[ExI] Two Japanese reactors on red alert
sjatkins at mac.com
Wed Mar 16 18:28:20 UTC 2011
On 03/16/2011 05:02 AM, Richard Loosemore wrote:
> Samantha Atkins wrote:
>> On 03/15/2011 07:51 AM, Richard Loosemore wrote:
>>> Eugen Leitl wrote:
>>>> On Tue, Mar 15, 2011 at 09:56:59AM -0400, Richard Loosemore wrote:
>>>>> On paper, great.
>>>>> On the ground, as thin as paper.
>>>> You sound surprised.
>>> I sound ... frustrated, and let down.
>>> These things are not (it turns out) about physics and engineering,
>>> they are about organizational psychology, and politics.
>>> Too often, those who focus on the benefits of nuclear power want to
>>> talk about all the nice, easy-to-compute aspects of the situation
>>> (i.e. the physics). The psychology and the politics, not so much.
>> The bottom line actual facts on the ground is that to date, over
>> decades of use, even with far less than state of the art systems,
>> that energy produced by nuclear power is safer and has harmed or
>> killed far less people than anything other source used at the same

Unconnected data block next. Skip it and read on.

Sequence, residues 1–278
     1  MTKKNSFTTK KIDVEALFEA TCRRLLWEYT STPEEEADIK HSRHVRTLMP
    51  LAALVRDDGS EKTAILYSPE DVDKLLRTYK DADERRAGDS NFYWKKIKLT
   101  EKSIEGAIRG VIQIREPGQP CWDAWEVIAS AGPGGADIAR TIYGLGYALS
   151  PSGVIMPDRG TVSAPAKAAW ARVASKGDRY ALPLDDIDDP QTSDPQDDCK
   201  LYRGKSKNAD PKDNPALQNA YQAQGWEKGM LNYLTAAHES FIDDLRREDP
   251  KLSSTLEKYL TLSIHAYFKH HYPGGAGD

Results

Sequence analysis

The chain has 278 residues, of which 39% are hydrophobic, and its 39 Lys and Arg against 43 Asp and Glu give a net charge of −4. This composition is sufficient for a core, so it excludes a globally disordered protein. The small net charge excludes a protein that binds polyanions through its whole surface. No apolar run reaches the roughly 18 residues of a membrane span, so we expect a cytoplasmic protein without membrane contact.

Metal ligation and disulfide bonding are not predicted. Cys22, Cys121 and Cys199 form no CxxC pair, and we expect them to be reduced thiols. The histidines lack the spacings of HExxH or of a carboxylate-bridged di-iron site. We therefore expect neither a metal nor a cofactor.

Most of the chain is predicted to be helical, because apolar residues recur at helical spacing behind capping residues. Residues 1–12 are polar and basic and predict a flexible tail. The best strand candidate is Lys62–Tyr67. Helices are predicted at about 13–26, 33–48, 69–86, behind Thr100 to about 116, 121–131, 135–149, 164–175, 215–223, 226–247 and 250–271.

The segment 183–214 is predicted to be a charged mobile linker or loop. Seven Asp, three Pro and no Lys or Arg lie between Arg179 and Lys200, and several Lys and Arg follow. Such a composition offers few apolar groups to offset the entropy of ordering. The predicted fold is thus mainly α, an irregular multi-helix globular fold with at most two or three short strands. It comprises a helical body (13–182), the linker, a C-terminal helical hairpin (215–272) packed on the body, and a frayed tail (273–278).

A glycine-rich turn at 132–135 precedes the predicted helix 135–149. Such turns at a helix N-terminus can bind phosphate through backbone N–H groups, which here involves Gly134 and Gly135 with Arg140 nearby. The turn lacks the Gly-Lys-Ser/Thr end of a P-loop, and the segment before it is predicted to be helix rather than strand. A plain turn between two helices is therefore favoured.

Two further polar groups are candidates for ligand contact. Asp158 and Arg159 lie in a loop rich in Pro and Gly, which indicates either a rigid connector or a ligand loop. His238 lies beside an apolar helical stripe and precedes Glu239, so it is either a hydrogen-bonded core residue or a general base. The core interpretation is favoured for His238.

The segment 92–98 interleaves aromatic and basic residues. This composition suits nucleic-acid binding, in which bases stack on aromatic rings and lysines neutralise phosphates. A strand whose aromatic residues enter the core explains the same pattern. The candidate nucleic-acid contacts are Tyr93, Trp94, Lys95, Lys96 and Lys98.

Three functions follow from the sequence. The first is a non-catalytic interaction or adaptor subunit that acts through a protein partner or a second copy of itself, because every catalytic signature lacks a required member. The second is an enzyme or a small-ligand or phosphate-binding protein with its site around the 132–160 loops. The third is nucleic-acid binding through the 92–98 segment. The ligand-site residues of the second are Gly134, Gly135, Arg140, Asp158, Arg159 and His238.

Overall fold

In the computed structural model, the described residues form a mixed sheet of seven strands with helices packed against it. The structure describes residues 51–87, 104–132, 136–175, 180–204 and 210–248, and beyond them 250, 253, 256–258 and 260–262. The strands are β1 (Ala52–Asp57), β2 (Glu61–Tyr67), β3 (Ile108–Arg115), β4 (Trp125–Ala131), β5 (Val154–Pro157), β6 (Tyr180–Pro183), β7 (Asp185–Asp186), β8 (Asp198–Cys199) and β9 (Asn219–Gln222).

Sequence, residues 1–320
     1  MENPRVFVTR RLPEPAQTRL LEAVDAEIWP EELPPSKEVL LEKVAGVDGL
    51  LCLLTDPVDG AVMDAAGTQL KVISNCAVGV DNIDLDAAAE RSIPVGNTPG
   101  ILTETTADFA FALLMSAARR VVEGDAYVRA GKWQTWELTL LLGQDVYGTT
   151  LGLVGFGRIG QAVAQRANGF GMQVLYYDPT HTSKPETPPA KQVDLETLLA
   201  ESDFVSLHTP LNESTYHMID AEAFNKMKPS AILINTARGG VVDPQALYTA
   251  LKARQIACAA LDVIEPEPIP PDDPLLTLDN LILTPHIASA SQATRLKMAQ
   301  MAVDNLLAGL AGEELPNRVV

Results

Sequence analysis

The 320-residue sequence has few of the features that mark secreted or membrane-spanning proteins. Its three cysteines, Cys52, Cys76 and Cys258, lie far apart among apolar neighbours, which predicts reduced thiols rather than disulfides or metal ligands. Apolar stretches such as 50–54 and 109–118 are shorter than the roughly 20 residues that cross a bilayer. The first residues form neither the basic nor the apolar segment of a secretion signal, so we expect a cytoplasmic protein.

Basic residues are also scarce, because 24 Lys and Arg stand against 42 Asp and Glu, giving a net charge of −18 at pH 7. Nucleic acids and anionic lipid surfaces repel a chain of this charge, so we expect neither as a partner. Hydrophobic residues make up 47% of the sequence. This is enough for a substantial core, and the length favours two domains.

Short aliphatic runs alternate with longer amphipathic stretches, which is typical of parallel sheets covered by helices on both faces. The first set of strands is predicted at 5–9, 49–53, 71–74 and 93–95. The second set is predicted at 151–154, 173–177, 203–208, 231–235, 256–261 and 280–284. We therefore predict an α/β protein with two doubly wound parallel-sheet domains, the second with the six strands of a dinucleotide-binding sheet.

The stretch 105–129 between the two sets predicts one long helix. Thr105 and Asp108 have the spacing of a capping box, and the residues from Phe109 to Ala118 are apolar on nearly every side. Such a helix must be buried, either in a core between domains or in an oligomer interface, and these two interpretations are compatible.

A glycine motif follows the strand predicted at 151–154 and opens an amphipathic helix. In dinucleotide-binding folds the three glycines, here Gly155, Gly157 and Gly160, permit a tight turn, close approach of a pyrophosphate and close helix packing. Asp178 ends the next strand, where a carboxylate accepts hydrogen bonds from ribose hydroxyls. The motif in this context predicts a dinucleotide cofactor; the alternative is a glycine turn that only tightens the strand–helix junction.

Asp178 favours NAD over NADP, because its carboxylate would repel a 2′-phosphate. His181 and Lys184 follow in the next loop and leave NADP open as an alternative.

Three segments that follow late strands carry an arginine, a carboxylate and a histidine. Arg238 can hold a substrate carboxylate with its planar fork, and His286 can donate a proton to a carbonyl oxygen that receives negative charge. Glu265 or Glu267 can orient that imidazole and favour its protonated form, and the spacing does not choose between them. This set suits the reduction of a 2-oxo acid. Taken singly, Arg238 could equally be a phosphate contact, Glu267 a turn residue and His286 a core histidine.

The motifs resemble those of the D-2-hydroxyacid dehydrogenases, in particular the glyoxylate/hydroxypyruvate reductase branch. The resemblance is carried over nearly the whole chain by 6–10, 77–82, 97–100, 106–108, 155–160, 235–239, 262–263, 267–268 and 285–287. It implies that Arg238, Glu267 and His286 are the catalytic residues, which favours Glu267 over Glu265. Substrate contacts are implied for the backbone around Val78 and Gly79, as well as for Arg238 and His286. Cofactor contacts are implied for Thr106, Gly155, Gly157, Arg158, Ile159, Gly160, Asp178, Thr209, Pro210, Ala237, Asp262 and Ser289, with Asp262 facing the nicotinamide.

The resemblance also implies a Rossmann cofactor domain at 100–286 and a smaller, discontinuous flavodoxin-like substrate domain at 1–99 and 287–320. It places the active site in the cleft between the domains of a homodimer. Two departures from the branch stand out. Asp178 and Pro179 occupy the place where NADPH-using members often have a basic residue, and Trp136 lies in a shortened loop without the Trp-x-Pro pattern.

>> scale. That isn't theory or bias but the actual historical fact of
>> the matter.
> Actually it's the facts as determined by statistical naifs -- turkeys
> on Christmas eve who look back at the statistical likelihood that
> anything bad will happen, given how swimmingly things have been going
> so far....
It is actual reality backed experience running all the major sources a
long time. Taking the maximal worse case for loss of containment (which
is btw much less than many hysterically presume) and taking the actual
historical data and the likelihood of hitting such a maximum failure
event it is insane to say or imply we should stop building nuke plants
or even more over-design them than we do today. That said, getting away
from the current design generation to something like molten-salt thorium
would be MUCH safer still.
And that is all I care to say on the subject.
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